OCD Lesions with Mid-Rivers’ Surgeon, Richard Hartman, DVM
OCD lesions are cartilage flaps (sometimes containing bone) that develop at the end of bones near joints during a young horse’s development. This condition is most common in young horses that experience rapid growth spurts.
The Cause of OCD Lesions
There is still much to be learned about OCD lesions. A major mitigating factor is nutritional or mineral imbalance in the horse’s diet, such as a diet high in carbohydrates or protein, which results in rapid growth in the first year of life. There are a variety of other reasons a young horse will develop OCD lesions, such as trauma to a joint, higher than average body weight, and hereditary reasons.
OCD lesions are most commonly found in stifle, hock, and fetlock joints as well as between neck vertebrae. Although less common, lesions can also occur in the shoulder, hip, and elbow joints.
OCD lesions will generally develop within the first 11 months of life but may not be noticed until 3 to 5 years of age as the horse begins training. If you are considering the purchase of a young horse, it is a good idea to radiograph those joints that are most affected to determine if OCD lesions are present.
The Process of OCD Lesions
As the soft cartilage cells at the end of bone turn into bone cells and lengthen the bone, sometimes the process goes askew and the cartilage pulls away from the bone. This process results in OCD lesions. These flaps can also break loose and find their way into the joint, also known as “joint mice.”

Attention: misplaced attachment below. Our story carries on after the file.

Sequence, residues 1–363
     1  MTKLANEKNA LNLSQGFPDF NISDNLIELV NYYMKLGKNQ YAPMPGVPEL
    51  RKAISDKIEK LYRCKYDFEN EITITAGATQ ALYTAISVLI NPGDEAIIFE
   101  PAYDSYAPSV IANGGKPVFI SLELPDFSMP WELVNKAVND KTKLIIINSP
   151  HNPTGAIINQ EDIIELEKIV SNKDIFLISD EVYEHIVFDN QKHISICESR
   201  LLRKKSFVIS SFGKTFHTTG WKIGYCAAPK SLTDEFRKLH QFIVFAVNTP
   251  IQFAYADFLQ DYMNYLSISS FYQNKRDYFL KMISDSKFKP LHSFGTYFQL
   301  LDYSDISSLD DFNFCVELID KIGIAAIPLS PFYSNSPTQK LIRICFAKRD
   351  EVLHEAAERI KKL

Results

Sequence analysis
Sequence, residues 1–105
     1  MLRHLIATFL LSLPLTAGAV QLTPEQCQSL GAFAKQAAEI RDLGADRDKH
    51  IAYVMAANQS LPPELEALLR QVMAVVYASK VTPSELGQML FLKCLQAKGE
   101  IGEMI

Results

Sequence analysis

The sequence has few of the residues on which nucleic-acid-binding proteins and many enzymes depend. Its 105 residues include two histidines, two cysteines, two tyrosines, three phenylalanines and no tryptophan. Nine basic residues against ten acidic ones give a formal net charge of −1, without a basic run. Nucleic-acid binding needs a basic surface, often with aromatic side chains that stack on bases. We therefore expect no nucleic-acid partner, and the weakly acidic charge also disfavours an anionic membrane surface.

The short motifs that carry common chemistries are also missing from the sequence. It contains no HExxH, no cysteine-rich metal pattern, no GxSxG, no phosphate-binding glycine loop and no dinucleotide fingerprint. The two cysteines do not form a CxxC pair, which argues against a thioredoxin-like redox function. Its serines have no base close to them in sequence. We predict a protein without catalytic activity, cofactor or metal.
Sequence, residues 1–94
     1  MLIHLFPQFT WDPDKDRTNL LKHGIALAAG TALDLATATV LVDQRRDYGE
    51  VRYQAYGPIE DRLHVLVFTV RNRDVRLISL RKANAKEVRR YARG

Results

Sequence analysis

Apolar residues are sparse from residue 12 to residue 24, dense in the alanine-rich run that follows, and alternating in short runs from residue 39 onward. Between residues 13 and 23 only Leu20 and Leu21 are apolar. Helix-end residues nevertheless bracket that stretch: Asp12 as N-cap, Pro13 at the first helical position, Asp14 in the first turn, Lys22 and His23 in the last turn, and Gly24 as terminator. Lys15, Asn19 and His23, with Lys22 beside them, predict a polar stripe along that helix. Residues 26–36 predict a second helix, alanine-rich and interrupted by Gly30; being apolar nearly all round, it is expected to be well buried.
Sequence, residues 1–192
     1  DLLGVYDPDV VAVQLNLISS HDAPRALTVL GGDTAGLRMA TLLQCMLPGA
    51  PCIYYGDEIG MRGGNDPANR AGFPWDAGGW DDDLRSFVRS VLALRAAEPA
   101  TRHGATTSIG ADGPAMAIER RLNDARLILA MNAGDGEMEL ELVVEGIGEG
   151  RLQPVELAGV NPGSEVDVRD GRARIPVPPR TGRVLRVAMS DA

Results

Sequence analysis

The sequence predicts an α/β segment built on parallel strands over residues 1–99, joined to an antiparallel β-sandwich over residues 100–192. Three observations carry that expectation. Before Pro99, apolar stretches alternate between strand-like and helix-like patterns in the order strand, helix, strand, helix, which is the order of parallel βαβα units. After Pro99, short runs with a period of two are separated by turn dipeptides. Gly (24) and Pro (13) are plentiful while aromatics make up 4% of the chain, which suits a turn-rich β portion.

The Effect of OCD Lesions
The lesions cause inflammation and fluid buildup resulting in varied levels of lameness. Over time, if the condition is left untreated, the affected joints can develop degenerative joint disease, also known as arthritis.
Q&A with Dr. Hartman
Q: Do OCD lesions have to be surgically removed?
A: OCD lesions in horses older than 15 months old should be removed. Generally, we do not recommend surgery in horses any younger than 15 months old. It is possible that lesions in these foals will resolve themselves.
Q: What percentage of horses goes back to full work after surgery?
A: In my experience, the success rate is around 85% percent.
Q: Are regenerative medicines, such as stem cell therapy, viable treatment options?
A: Generally, growth in the damaged area has stopped so we are uncertain at this time if stem cell therapy is a successful treatment option.
Q: Can joint injections be used to treat OCD lesion?
A: You can treat OCD lesions with injections but you are just masking signs. By masking the pain or swelling, you increase the risk of further injury.
Q: How does a surgeon treat an OCD lesion?
A: A surgeon will remove the lesion, scrape away any underlying defective bone or tissue, and then flush the joint to ensure removal of any lingering fragments.
A secondary method that involves pinning the flap down also has promise. The benefit of this method may produce a more stable joint in the long term. However, OCD lesions that are irregularly shaped are not good candidates for this method.
Q: Can you prevent a foal from developing lesions?
A: If a young horse is experiencing OCD but has not yet developed lesions, treatment may consist of changing its diet to slow rapid growth.
Q: If my horse was previously treated for an OCD lesion, is he likely to suffer from it in other joints?
A: Recurrence is not a common problem in the same joint. It is more common to find lesions in the corresponding joint on the opposite limb.
Q: How do these lesions cause pain?
A: Lesions expose interior bone, releasing debris into the joint and resulting in inflammation.
Q: What are the clinical signs of OCD lesions?
A: Joint swelling and lameness are the most common signs.